Red, or Grey, Phalaropes are one of the most colourful birds on Spitsbergen. Not only in their plumage but also in their breeding biology. In most birds with sexual dimorphism, the male is coloured brighter as the female. This makes sense, as it is the male that has to attract the female and therefore needs to have a plumage that attracts the female.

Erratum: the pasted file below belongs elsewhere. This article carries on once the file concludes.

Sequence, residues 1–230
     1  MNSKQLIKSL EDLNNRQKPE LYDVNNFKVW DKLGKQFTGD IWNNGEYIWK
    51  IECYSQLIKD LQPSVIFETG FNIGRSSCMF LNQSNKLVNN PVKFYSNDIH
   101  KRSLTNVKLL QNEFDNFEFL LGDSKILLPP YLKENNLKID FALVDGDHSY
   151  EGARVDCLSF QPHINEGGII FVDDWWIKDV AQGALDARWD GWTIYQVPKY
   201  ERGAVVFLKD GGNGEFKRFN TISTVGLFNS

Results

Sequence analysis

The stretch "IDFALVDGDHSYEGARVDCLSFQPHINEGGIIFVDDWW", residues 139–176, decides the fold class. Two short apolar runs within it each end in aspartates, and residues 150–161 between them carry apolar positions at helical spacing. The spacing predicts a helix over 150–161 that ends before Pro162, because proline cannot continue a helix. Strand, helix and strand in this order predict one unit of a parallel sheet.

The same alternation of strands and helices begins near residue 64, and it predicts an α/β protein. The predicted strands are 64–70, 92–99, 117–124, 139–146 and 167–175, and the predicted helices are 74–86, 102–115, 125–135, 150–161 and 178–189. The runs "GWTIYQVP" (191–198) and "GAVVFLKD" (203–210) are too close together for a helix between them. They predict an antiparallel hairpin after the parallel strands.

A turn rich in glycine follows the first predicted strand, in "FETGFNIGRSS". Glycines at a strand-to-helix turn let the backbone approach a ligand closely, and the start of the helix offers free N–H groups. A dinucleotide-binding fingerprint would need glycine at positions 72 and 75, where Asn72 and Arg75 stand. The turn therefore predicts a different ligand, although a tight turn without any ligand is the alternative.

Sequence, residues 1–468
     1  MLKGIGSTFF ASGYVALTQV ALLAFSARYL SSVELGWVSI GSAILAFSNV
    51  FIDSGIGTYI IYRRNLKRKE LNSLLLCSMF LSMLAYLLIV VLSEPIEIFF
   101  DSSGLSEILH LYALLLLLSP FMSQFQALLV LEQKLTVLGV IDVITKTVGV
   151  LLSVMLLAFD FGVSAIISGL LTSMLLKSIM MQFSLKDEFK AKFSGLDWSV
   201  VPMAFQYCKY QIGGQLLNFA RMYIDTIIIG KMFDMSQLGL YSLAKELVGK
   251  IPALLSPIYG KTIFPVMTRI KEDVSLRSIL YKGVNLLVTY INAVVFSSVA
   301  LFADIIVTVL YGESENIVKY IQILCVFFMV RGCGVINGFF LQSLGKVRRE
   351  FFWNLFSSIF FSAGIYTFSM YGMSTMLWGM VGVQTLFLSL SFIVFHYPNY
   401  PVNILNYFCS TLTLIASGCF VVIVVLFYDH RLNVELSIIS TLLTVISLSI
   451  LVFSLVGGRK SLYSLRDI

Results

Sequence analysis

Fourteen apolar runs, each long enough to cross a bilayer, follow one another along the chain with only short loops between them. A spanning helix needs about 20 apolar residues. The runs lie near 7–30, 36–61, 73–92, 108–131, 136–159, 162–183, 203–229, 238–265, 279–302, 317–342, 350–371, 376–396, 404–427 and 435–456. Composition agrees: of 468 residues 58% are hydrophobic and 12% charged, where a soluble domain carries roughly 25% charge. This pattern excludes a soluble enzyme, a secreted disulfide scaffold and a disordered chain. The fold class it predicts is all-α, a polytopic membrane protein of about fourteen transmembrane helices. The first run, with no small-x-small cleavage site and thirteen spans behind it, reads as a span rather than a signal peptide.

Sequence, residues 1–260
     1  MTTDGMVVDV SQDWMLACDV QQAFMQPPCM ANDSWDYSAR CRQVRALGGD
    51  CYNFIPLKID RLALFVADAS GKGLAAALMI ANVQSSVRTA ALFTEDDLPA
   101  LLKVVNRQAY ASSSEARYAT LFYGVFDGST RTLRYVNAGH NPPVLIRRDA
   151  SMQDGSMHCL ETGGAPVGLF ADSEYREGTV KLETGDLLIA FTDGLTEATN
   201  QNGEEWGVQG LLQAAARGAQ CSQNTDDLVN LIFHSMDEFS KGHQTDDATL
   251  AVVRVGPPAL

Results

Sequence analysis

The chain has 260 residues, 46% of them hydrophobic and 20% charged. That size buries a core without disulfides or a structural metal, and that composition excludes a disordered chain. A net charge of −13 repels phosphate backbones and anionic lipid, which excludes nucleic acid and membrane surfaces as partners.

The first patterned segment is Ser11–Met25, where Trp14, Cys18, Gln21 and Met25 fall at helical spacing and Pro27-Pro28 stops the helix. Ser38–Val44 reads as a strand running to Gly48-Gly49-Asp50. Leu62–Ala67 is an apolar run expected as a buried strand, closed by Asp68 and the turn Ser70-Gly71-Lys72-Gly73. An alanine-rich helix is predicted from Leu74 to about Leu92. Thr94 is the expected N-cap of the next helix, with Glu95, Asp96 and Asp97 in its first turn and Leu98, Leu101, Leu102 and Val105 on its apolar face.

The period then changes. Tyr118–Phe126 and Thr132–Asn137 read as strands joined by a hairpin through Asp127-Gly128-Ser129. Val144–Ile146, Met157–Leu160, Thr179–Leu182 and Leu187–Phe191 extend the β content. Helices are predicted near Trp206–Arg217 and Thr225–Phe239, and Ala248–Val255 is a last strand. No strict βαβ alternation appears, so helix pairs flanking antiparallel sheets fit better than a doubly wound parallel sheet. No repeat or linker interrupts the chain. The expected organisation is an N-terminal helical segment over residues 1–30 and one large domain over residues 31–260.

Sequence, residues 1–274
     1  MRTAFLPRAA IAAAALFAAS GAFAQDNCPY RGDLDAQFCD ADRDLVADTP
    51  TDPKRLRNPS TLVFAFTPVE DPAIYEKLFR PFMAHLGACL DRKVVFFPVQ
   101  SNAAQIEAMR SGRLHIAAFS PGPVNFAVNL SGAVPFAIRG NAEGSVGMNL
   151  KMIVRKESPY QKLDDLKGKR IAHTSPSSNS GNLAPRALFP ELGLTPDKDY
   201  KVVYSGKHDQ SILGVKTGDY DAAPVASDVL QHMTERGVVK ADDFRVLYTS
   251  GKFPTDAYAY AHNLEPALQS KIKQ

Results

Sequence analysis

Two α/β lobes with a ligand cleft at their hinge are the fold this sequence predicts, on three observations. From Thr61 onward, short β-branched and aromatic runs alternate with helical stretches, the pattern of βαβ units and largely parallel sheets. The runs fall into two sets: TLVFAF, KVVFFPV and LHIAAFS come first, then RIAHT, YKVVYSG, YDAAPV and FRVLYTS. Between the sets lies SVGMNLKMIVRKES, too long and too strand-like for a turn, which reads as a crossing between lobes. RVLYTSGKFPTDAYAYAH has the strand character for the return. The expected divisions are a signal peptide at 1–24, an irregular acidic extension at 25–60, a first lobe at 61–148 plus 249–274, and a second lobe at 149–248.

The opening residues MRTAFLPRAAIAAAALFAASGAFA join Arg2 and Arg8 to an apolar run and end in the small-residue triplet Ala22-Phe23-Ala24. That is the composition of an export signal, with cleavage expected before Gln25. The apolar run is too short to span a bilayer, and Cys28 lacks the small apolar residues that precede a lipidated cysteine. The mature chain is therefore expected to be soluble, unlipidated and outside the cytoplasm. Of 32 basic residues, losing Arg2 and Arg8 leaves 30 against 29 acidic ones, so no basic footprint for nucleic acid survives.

In the phalarope family, these roles are reversed. Here the female is the one that has to attract a male, after which she lays the eggs and takes off again. The male has to incubate the eggs and raise the chicks and therefore has to be more camouflaged. The female, in the meantime, will try to find another partner and repeat the same thing again. Most likely she will stay with the last partner and help him raise the chicks, as the time is now limited in the short Arctic summer.